Child Labor Facts in the Worldwide: A Review Article

Authors

1 Department of Pediatrics, Faculty of Medicine, North Khorasan University of Medical Sciences, Bojnurd, Iran.

2 Ibn-e-Sina Hospital, Mashhad University of Medical Sciences, Mashhad, Iran.

3 Assistant Prof of Pediatrics, Mashhad University of Medical Sciences, Mashhad, Iran.

4 Students Research Committee, Faculty of Medicine, Mashhad University of Medical Sciences, Mashhad, Iran.

5 Mashhad University of Medical Sciences, Mashhad, Iran.

Abstract

The economic exploitation of children is an insult to humanity. All over the world children continue to work, putting at stake their education, their health, their normal development to adulthood, and even their lives. Millions of them work under hazardous conditions which present dangers to their health, safety and welfare. They toil in mines and quarries, are exposed to agrochemicals in agriculture, squat in crippling positions to weave rugs and carpets, and scavenge in rubbish tips. Too many are enslaved in bonded labour, isolated in domestic service, and traumatized and abused in the commercial sex trade.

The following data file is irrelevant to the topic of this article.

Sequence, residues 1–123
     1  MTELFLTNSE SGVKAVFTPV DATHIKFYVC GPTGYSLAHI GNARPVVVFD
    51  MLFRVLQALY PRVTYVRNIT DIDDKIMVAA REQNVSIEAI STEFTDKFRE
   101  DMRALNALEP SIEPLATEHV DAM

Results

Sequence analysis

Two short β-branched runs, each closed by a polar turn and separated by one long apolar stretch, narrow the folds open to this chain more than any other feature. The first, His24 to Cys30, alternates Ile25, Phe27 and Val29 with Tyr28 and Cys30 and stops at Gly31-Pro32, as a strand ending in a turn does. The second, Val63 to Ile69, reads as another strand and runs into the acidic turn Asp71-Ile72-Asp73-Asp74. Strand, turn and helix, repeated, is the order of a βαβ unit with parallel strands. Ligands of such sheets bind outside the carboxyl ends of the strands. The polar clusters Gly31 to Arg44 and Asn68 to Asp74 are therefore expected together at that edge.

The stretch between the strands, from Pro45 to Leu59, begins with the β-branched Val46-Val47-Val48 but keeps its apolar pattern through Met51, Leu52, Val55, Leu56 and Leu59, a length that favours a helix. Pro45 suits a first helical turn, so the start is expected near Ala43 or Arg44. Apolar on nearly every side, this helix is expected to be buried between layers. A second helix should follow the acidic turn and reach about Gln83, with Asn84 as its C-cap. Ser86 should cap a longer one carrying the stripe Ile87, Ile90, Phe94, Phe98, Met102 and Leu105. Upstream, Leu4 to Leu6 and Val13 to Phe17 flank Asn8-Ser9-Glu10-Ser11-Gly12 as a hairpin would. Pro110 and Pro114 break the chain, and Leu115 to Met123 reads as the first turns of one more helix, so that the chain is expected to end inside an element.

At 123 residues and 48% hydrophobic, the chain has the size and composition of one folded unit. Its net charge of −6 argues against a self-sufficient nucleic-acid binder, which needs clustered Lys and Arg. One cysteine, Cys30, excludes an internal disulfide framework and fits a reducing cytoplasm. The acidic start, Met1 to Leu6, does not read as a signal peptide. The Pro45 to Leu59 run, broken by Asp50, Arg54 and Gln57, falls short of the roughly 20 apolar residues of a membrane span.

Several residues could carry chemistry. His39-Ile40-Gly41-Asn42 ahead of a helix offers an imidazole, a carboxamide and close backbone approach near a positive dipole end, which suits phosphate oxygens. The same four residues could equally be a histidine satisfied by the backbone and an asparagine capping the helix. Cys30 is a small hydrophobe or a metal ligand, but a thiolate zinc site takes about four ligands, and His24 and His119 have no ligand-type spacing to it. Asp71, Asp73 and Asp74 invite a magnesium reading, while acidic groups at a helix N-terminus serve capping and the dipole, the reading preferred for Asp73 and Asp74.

Today many people and organizations are concerned about child labour. The number of children working in the world today is higher than most people think, although it is difficult to obtain anything more than an educated global estimate. This is firstly because many kinds of child labour are underreported, and secondly because many countries have no desire or incentive to publicize how many of their young people work. Nevertheless, statistical techniques allow us to estimate that 211 million children aged 5 to 14 and an additional 141 million children aged 15 to 17 are “economically active”, i.e. are involved in some form of work.

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